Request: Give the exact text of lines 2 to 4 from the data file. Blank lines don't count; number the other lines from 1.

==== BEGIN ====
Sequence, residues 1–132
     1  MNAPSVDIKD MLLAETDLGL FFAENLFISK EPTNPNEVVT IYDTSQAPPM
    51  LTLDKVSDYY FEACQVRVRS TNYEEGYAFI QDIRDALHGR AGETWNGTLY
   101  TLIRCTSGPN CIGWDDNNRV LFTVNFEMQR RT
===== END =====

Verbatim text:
     1  MNAPSVDIKD MLLAETDLGL FFAENLFISK EPTNPNEVVT IYDTSQAPPM
    51  LTLDKVSDYY FEACQVRVRS TNYEEGYAFI QDIRDALHGR AGETWNGTLY
   101  TLIRCTSGPN CIGWDDNNRV LFTVNFEMQR RT